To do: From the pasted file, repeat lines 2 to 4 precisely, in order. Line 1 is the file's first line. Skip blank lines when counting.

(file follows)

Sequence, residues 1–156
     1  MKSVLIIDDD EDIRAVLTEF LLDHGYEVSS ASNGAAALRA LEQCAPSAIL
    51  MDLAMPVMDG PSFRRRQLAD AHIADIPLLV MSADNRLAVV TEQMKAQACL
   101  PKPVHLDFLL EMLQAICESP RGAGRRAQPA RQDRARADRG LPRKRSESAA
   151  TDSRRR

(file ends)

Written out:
     1  MKSVLIIDDD EDIRAVLTEF LLDHGYEVSS ASNGAAALRA LEQCAPSAIL
    51  MDLAMPVMDG PSFRRRQLAD AHIADIPLLV MSADNRLAVV TEQMKAQACL
   101  PKPVHLDFLL EMLQAICESP RGAGRRAQPA RQDRARADRG LPRKRSESAA